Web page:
Coffee in the Alaska skyline mug. "Someone To Lay Down Beside Me" by Karla Bonoff on iTunes. Dave heads to New York tomorrow for the dress rehearsal of election night at CNN over the weekend. J begins fall break at school tomorrow with no classes Friday through Tuesday. Good thing my firing schedule is light right now. One of her friends from school and her family are off to Bermuda for the break. I wish we were going--I need a beach.
Lost two more large pieces to the contaminated clear yesterday--the replacements for the first two ruined by it. And I was very careful when I laid them out to check for any suspicious looking chunks of clear. I did find a couple of pieces of scrap that have obvious yellow streaks in them (already made into morceaux and mixed in with all the rest) so I am solidly confident I have identified the problem to be yellow contaminating one or more of my clear sheets. As the current Bullseye yellow formula darkens on firing it can be difficult (if not impossible) to see it against the irid surface. It is also reactive with turquoise resulting in brown where they touch and ruining my pieces which are in shades of turquoise and blue--no browns allowed--ordered by a new gallery.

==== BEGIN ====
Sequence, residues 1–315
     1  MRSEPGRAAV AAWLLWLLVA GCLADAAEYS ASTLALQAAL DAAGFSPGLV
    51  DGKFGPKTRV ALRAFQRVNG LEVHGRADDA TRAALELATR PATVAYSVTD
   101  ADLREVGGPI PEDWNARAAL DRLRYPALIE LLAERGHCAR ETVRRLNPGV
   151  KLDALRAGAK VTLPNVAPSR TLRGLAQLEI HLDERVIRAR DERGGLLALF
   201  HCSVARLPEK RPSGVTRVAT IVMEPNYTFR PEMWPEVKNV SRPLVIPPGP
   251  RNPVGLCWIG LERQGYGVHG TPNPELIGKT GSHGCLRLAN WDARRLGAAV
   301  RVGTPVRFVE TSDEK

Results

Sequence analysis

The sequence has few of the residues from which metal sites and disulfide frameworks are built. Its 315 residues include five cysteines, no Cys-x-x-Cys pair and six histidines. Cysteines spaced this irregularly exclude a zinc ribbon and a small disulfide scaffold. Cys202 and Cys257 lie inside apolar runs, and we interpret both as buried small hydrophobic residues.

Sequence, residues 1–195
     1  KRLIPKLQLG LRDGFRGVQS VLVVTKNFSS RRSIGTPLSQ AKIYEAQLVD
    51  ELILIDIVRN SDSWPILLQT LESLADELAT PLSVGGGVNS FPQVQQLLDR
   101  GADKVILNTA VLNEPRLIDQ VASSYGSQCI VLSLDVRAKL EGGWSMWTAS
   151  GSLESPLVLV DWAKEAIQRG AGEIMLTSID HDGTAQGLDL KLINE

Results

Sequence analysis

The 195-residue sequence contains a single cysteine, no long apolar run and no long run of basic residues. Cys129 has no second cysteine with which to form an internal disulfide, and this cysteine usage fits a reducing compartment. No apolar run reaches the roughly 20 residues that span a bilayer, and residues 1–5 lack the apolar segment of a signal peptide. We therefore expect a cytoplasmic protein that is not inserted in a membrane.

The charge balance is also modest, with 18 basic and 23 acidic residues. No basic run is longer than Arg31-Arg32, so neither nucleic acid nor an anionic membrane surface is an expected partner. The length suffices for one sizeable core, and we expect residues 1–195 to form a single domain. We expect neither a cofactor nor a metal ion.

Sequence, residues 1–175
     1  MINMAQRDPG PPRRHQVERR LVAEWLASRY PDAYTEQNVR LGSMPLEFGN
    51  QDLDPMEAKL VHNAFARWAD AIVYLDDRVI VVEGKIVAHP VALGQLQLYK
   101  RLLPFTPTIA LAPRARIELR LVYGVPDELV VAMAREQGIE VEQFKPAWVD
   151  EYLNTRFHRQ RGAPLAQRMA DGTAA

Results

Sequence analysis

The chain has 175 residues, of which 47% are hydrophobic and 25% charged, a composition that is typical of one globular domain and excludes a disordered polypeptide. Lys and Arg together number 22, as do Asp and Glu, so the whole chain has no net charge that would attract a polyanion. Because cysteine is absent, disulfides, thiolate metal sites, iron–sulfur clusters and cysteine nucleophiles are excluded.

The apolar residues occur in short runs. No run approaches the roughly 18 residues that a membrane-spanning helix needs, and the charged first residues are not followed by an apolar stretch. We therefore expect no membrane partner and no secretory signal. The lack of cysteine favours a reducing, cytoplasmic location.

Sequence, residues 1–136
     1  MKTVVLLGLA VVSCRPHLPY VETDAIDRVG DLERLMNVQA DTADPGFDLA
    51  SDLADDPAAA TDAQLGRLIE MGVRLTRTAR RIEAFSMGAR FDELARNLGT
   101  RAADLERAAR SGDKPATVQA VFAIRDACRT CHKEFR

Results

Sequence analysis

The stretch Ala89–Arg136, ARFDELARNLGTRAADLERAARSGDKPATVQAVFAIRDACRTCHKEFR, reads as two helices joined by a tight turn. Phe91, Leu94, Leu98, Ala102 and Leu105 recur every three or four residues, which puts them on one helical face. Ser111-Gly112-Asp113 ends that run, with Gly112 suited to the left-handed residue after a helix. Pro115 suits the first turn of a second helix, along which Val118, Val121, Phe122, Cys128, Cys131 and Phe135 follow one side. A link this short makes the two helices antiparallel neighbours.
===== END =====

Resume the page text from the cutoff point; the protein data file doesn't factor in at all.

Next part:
*sigh* Remaking again and wondering how many more pieces I am going to lose to the contaminated sheet(s). Considering I cut over 20 sheets of clear irid for my work last week I am lucky to be able to identify a range of production dates the glass could have been in, and there is no chance I can come up with a sheet number. I am, however, sending the scraps I did find with yellow in them to Bullseye. Of all the colors that could be accidentally mixed in with the clear I can't think of one that could be worse than the yellow.
In answer to the question posed by the title of the post: No.